HMS Paragon (1913)

HMS Paragon (1913) was an Acasta class destroyer that served with the 4th Destroyer Flotilla, but missed Jutland, before moving to the Humber then the South Coast, where she was sunk by German destroyers during the raid into the Dover Straits of 17-18 March 1917.

The Paragon was laid down at Thornycroft on 14 March 1912, launched on 21 February 1913 and commissioned in December 1913. When the Acasta class became the K Class the new name Katrine was chosen for her, but it was never used.

In July 1914 she was one of twenty destroyers in the Fourth Destroyer Flotilla of the First Fleet, which contained the most modern battleships. The flotilla contained all twenty Acasta or K Class destroyers.

HMS Paragon from the left HMS Paragon from the left

In August 1914 she was one of twenty K destroyers in the Fourth Flotilla of what was becoming the Grand Fleet. At the outbreak of war all but the Porpoise were at sea. Over the next two years five members of the class were sunk, while the surviving members of the class remained with the Flotilla into July 1916.

In November 1914 all twenty K class destroyers were in the Fourth Flotilla, part of the Grand Fleet. She was at Southampton to have a defective turbine fixed, and was to be equipped with a submarine sweep at the same time. 

On 11 March 1915 the armed merchant cruiser Bayano was torpedoed and sunk off Corsewell Point, having just left the Clyde, with the loss of all but 50 of her crew. In response Jellicoe sent the Faulknor and six destroyers from the 4th Flotilla (Achates, Ambuscade, Ardent, Fortune, Paragon and Porpoise) to patrol the area between Oversay and the North Channel into the Irish Sea. They reached Larne on 13 March and spent the next week patrolling the area between Belfast, the Clyde and the North Channel. However the submarine in question, U-27, had left the area heading north on 13 March and was back in German home waters by 16 March.

In January 1916 nineteen K class destroyers were in the Fourth Flotilla, based at Scapa. She had been equipped with a submarine sweep. She was at Southampton having defects with one of her turbines repaired.

In March 1916 a plan was produced for turning the Paragon type ‘Thornycroft specials’ into minelayers. They would have carried twenty-two mines on the upper deck, and keep all of her original guns. However none were converted.

On the eve of Jutland the Paragon was part of the Fourth Destroyer Flotilla at Scapa Flow but she was in dockyard hands

In August 1916 the Fourth Flotilla was relegated from the Grand Fleet, and now formed the Humber Force. It contained fifteen of the K class destroyers.

On 21 November 1916 the Porpoise, Ambuscade and Paragon were sent from the Humber to join the Dover Patrol, in response to a German raid into the channel on 26 October.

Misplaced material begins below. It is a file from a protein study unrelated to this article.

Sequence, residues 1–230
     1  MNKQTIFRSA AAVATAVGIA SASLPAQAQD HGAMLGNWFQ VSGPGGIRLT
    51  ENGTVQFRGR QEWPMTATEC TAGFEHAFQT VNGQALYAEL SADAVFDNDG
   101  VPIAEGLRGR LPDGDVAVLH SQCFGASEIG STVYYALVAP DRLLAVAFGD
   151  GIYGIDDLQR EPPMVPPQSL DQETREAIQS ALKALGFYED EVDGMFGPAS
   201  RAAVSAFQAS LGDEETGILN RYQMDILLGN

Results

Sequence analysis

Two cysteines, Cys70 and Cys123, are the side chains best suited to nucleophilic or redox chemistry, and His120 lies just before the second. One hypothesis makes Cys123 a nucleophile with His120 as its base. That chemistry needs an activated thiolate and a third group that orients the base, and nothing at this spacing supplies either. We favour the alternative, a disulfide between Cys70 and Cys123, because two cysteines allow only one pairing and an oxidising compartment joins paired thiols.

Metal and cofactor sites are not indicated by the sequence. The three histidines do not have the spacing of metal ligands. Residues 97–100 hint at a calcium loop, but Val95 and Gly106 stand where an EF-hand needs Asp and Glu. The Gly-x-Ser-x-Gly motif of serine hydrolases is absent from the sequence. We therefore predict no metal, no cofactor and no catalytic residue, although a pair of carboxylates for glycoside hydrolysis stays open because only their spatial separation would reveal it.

In December 1916 the 4th Flotilla moved to Portsmouth, but the Porpoise, Ambuscade and Paragon officially joined the 6th Flotilla at Dover, where they were joined by the Unity and the Victor.  In January 1917 she was one of twenty destroyers in the Sixth Destroyer Flotilla at Dover.

When the Germans raided into the Dover Straits on 25 February 1917 the Ambuscade, Porpoise, Paragon and Unity were anchored off Deal, but they didn’t take part in the action.

When the Germans raided into the Dover Straits on the night of 17-18 March 1917 the Paragon was posted at Buoy 11A on the channel barrage. At 10.50pm on 17 March she was steaming north-east towards the buoy when she spotted strange destroyers. The British struggled with night actions during the First World War, and the Paragon’s fate wasn’t helped by her captain’s decision to issue an identification challenge, which allowed the Germans to open fire first. She was hit by a torpedo in the engine room and by several shells. Her depth charges exploded, she split in half and sank, with the loss of 75 men. There were only ten survivors.

The confusion didn’t stop there. The Llewellyn and Laforey heard firing and the final explosion. The Laforey concluded that a destroyer had hit a mine, and set off to help. When she found the wreckage she turned on her searchlight and signalled to the Llewellyn for help. The German flotilla then came back onto the scene, and saw the two British destroyers illuminated by a searchlight. The Germans fired torpedoes and hit the Llewellyn. Even now the British failed to realise what was going on, and the Laforey reported that the attack had been carried out by submarines.

War Service
August 1914-July 1916: 4th Destroyer Flotilla, Grand Fleet
August-November 1916: 4th Destroyer Flotilla, Humber Force
December 1916-March 1917: 6th Destroyer Flotilla, Dover
17-18 March 1917: Sunk by German destroyer

Displacement (standard)


Displacement (loaded)


Top Speed

29 knots


2-shaft Parsons turbines
4 Yarrow boilers




267ft 6in




Three 4in/ 45cal BL Mk VIII
Two 21in torpedo tubes with four torpedoes

Crew complement


Laid down

14 March 1912


21 February 1913


December 1913


18 March 1917

British Destroyers From Earliest Days to the Second World War, Norman Friedman. A very detailed look at the design of British destroyers from their earliest roots as torpedo boat destroyers, though the First World War and up to the start of the Second World War, supported by vast numbers of plans and well chosen photographs [read full review]
cover cover cover

Books on the First World War | Subject Index: First World War

How to cite this article: Rickard, J (24 March 2022), HMS Paragon (1913) ,

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